TONY BLAIR is not only kowtowing to US power in acting as George Bush’s poodle. Britain’s rulers have their own interests in dominating the Middle East and ensuring that ‘rogue states’ do not threaten the profits of multinational corporations. BP – one of the world’s biggest oil companies – is British owned. Half of another, Shell, is British.
British capitalists pioneered the carve-up of the Middle East after the First World War, when Britain was the world’s biggest power. The British Empire has gone and British capitalism is far weaker now than it was then. But Britain’s bosses have major investments across the globe. The legacy of empire means a greater spread of holdings in other countries than bosses in economies like Germany have.
But the British military is in no position to defend and extend those interests. That’s why British governments, Tory and Labour, have been so close to the US state – no matter whether Democrats or Republicans are in power in Washington. This ‘special relationship’ is about the British state acting as a junior partner to the US in a shared enterprise.
The last time Britain’s rulers launched an imperial adventure without US support was in 1956. The ‘Suez Crisis’ ended in humiliation for British and French forces, which had to withdraw from Egypt.
Thatcher’s war over the Falklands in 1982 depended on support from the US, even though the US was also keen to maintain ties to the military regime in Argentina. Blair also sees his closeness to the US as a way of increasing Britain’s bullying power within the European Union.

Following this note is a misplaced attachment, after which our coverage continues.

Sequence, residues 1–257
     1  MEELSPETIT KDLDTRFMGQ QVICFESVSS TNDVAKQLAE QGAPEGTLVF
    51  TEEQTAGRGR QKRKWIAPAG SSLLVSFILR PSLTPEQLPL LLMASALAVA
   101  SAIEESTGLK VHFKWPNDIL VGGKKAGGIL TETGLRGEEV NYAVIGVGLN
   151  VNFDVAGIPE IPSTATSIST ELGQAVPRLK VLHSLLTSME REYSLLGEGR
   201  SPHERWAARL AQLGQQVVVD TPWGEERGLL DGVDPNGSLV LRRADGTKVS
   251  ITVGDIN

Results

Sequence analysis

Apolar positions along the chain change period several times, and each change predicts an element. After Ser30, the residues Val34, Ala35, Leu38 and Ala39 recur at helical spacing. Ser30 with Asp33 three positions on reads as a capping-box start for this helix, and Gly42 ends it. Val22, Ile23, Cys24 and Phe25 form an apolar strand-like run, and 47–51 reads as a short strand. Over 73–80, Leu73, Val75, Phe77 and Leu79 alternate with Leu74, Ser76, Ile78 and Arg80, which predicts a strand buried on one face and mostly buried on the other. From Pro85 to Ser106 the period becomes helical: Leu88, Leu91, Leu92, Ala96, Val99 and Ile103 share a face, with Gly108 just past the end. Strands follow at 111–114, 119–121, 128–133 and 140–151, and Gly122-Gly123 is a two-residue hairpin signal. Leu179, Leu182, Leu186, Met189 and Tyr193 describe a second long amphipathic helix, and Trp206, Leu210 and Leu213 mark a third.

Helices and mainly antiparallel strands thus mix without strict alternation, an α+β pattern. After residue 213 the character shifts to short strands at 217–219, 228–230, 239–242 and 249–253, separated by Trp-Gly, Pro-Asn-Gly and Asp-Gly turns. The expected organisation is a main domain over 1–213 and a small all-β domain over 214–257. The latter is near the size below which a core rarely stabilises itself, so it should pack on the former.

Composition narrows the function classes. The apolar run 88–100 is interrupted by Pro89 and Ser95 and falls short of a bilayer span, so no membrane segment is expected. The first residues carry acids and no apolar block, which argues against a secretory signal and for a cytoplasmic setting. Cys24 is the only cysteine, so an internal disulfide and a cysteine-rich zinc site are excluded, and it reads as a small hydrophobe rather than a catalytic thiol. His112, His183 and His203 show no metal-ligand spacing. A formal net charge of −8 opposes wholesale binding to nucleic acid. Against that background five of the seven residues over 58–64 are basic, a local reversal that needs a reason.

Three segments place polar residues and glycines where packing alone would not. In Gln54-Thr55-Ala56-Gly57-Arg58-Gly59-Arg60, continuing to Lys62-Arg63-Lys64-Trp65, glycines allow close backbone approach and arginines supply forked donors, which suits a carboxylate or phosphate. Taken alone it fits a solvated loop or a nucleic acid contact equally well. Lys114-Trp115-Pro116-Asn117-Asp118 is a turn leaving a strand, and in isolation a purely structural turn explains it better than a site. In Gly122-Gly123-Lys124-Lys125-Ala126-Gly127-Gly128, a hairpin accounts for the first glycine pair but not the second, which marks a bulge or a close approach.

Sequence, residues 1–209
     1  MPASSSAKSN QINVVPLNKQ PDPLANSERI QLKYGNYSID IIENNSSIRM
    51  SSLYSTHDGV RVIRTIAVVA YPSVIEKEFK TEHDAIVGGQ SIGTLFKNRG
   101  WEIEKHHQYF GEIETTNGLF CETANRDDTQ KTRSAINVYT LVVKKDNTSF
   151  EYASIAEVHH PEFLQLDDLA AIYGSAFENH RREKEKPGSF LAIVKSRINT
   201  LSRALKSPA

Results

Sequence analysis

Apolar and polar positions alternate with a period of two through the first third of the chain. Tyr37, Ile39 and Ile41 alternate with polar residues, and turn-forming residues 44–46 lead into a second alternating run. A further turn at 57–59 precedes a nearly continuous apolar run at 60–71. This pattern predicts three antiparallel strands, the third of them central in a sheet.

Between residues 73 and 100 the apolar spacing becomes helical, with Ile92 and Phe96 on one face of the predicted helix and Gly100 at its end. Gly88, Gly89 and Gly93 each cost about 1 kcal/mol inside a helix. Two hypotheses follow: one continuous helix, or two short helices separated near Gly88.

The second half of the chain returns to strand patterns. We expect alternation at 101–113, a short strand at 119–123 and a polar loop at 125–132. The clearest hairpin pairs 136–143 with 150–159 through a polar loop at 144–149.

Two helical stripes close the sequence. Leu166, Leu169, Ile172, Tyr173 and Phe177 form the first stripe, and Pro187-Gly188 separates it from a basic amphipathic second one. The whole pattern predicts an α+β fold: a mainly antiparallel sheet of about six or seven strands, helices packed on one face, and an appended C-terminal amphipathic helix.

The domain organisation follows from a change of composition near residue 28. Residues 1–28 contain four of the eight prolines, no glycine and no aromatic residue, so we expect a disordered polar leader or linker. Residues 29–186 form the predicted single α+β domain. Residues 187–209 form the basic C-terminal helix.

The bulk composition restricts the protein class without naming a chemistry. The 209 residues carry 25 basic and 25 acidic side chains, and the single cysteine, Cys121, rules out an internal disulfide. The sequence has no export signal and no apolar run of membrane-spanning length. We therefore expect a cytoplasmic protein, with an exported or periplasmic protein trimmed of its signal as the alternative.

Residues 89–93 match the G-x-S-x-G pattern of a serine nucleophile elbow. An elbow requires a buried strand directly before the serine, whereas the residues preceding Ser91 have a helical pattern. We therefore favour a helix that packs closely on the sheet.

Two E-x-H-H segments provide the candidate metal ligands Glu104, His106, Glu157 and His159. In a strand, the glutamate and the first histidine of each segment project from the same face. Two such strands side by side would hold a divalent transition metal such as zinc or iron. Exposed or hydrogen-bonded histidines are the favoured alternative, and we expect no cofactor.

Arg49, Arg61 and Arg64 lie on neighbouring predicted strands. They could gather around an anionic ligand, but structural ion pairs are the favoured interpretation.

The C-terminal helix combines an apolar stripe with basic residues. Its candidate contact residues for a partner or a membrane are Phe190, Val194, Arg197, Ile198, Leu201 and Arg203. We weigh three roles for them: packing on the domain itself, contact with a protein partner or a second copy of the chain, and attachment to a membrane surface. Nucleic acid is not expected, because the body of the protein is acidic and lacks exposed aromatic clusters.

This is important now as France and Germany look like cooperating more closely to push their interests. It is Blair’s weakness that leads him, as Noam Chomsky put it, to be ‘not Bush’s poodle, but his attack dog’.
‘A wicked and unjust war is now being waged by the ruling and propertied classes of this country, with all the resources of civilisation at their back, against an ill-armed people whose only crime is that they have risen against a foreign oppression.’
Eleanor Marx and William Morris, Denunciation of Britain’s war against Sudan in 1885
‘The burden of war always falls heaviest on the toilers. They are taught that their masters can do no wrong, and go out in vast numbers to be killed. And what is their reward? If they escape death they come back to face heavy taxation and have the burden of their poverty doubled.’
HELEN KELLER, Her fight to overcome being deaf, blind and without speech is famous. What is less well known is that she was a socialist and an internationalist
‘I have been accused of obstructing the war. I admit it. Gentlemen, I abhor war. I would oppose it if I stood alone. I have sympathy with the suffering, struggling people everywhere. It does not make any difference under what flag they were born, or where they live.’
EUGENE DEBS, He was sentenced to ten years in prison in 1918 for opposing the First World War
‘This disgrace to civilisation should be done away with at once. Heroism at command, senseless brutality-how violently I hate all this. How despicable and ignoble war is. I would rather be torn to shreds than be part of so base an action! It is my conviction that killing under the cloak of war is nothing but an act of murder.’
ALBERT EINSTEIN, The great physicist also opposed nuclear weapons
Two inspiring strikes show the way forward
We shouldn’t let them hide from the truth